Nero is the second most popular grape in Sicily’s vast viticultural oasis, and it, like the locals, is not soft spoken. Dark in color, with deep saturated fruit like preserved cherries, Nero is also Jalapeño spicy, aromatic and herbal, but never lean. It is a heat loving, vigorous variety, with deep color, good acid, medium tannin, and compared to Syrah in color and expression. Or should we cal it Calabrese? That’s really the official name of this grape?! Why have we been mis-lead, nay, lied to for all these years?! Put simply, it would seem that the moniker Calabrese was wrongly placed on several other grape varieties throughout Italy over time and the local Sicilian name for this grape, meaning ‘dark from Avola’ kept its identity separate from that mess and then it just sort of stuck. Thankfully. It is far and away the most prolific and important grape in Sicily, but only in recent years are we seeing more single varietal wines of great quality. Often it was blended with international grapes which was an unfortunate trend in the region for some time.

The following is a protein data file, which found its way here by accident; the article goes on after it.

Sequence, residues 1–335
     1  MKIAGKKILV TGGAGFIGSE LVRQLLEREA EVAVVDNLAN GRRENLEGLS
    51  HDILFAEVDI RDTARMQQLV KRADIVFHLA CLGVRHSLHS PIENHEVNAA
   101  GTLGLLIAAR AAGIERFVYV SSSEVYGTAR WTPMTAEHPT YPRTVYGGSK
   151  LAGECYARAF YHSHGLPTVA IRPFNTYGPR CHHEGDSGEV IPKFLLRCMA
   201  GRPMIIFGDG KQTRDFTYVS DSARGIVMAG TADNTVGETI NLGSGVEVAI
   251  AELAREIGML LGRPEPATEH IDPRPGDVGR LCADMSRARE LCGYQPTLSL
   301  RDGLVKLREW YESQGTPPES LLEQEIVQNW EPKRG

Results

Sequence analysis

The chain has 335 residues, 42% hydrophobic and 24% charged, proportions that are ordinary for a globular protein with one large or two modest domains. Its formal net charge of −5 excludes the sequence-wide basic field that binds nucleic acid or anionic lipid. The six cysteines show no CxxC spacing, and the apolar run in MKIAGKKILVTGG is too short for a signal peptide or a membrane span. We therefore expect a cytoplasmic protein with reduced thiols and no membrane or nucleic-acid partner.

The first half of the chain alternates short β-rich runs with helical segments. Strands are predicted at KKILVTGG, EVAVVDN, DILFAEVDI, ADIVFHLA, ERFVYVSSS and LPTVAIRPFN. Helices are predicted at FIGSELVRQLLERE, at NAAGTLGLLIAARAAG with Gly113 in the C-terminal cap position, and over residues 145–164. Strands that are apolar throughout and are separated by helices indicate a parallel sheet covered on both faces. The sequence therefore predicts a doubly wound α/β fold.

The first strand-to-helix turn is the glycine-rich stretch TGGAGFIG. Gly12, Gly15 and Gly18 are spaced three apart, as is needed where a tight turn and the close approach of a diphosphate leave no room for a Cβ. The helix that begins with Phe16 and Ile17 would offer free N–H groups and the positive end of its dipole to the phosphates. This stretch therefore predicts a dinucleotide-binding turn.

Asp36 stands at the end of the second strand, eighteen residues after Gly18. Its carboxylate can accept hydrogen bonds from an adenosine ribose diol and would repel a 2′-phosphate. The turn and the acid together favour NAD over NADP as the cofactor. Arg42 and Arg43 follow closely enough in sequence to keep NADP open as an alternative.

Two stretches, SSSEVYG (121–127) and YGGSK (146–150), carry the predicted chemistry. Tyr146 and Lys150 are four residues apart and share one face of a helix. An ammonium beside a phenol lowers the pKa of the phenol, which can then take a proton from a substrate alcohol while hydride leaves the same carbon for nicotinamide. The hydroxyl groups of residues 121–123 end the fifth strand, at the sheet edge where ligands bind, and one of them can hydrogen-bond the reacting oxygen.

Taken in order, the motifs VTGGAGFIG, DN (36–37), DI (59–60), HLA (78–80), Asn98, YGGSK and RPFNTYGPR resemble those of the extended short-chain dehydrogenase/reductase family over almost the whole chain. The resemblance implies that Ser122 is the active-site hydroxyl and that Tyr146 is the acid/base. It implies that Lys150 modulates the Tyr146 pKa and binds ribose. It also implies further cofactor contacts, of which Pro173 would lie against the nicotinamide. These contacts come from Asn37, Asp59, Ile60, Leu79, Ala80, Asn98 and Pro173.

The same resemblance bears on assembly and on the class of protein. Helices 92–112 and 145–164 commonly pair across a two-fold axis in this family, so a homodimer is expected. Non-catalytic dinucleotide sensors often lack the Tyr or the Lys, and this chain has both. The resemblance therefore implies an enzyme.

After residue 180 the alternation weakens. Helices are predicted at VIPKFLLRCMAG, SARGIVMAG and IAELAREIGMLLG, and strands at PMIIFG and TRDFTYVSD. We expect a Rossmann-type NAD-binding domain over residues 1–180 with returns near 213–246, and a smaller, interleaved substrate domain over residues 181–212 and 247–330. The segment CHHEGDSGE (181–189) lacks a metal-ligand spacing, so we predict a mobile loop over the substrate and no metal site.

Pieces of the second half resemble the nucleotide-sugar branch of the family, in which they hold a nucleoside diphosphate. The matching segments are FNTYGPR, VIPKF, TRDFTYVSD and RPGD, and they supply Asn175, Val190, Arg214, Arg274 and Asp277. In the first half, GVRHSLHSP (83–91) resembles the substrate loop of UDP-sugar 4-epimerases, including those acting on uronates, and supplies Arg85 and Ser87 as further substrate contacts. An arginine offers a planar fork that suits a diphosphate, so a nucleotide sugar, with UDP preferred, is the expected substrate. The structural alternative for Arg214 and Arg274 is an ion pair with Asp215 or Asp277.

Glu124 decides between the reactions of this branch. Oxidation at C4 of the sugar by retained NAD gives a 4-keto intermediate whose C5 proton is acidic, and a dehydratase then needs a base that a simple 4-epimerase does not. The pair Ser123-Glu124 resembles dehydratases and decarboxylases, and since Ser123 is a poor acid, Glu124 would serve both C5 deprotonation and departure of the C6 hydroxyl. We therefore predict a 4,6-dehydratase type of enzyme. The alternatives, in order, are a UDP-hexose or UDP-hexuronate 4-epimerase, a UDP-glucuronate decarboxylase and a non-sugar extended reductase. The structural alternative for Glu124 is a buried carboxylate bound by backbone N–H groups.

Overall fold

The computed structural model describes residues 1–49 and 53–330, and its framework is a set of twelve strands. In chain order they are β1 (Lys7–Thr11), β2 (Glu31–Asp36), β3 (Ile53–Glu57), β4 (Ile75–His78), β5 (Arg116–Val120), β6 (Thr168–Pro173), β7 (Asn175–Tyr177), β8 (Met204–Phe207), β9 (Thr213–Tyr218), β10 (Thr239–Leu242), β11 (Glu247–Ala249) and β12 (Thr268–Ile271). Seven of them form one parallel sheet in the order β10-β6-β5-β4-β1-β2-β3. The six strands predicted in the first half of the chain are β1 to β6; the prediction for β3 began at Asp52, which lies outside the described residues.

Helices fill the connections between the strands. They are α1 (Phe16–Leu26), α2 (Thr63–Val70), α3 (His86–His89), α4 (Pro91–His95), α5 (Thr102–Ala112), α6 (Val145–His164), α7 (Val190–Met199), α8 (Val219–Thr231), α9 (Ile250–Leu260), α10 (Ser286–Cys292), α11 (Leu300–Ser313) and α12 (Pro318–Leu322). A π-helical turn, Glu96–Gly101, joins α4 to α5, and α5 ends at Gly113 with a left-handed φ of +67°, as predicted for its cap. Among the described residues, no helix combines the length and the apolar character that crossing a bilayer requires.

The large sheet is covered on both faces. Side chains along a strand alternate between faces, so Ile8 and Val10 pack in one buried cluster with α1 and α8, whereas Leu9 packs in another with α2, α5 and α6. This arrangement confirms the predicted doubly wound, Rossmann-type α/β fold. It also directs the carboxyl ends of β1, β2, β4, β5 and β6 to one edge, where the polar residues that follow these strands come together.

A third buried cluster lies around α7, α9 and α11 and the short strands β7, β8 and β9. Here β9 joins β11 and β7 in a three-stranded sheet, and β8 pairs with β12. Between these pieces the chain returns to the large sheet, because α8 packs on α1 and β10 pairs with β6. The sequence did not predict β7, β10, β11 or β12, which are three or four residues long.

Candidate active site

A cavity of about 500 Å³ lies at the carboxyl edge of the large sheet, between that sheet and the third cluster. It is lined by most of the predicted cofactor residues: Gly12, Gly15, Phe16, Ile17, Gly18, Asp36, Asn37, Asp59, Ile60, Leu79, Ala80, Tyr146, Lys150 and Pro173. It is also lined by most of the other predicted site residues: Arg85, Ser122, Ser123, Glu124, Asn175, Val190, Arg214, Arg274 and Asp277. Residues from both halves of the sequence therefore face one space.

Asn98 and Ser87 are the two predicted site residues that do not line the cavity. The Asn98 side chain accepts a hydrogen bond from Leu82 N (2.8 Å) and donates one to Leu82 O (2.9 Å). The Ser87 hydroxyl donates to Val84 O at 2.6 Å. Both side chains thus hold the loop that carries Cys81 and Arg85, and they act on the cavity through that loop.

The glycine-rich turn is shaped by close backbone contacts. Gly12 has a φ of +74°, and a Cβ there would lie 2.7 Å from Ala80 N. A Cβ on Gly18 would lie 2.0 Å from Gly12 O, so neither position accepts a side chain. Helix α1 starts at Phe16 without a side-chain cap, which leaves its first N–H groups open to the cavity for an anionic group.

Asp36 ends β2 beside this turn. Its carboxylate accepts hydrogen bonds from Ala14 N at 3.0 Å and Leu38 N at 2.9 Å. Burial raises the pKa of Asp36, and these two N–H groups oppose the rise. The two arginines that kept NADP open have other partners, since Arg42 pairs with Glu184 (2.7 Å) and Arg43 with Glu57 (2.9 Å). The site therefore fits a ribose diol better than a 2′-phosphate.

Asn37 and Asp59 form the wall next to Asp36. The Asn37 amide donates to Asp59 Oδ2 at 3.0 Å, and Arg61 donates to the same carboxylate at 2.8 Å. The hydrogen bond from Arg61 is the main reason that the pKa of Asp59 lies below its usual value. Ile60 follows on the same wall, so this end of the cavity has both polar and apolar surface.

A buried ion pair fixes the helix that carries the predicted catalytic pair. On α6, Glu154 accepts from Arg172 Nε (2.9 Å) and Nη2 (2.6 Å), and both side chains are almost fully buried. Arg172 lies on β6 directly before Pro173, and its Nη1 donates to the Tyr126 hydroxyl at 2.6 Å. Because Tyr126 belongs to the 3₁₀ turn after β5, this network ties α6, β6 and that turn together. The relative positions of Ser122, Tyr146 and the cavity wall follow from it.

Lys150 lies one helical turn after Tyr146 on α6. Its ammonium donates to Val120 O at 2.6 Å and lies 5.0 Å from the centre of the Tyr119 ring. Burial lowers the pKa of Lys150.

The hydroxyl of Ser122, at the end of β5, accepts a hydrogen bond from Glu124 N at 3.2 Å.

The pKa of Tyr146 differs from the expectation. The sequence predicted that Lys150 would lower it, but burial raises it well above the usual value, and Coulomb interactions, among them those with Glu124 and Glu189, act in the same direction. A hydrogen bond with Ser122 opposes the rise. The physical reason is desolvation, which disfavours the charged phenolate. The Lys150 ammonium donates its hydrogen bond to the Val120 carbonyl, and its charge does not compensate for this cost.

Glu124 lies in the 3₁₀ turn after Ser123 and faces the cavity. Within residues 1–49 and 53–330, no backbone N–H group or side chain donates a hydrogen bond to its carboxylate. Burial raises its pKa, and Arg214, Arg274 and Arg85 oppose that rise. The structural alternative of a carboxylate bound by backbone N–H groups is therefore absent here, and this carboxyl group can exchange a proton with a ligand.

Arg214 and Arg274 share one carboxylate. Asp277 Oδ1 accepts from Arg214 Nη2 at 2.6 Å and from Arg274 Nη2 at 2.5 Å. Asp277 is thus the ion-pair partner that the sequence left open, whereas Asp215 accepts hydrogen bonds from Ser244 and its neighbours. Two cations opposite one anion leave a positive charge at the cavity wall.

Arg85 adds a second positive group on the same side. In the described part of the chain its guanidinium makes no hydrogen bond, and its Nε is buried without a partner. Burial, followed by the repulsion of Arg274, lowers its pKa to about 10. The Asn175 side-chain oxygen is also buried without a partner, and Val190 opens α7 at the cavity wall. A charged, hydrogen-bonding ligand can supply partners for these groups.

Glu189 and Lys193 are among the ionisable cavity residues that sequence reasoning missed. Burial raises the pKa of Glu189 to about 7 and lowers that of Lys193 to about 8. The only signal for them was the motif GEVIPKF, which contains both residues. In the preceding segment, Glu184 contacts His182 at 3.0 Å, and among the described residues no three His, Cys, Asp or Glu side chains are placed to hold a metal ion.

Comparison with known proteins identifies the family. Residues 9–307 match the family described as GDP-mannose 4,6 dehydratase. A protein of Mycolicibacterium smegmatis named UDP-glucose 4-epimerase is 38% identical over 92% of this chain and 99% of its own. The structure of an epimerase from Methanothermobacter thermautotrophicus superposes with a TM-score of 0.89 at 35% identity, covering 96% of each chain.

Also: Nero D’Avola + Frappato are a magic combination that make up not only (Sicily’s only DOCG wine) Cerasuolo di Vittoria, but what is also fast becoming one of the more popular Italian blends imported into the US today. With all that warm climate fruity appeal of these wines, it’s no stretch to understand why that is. The Nero is the dark, saturated and structured ingredient while the Frappato is the light, high toned and crunchy bit. Cerasuolo producers almost invariably bottle one wine each of these grapes as mono varietal examples and it’s never dull to try them all at once to sense just how obvious a pairing the two grapes are for one another.
COS / Gulfi / Marabino / Paolo Cali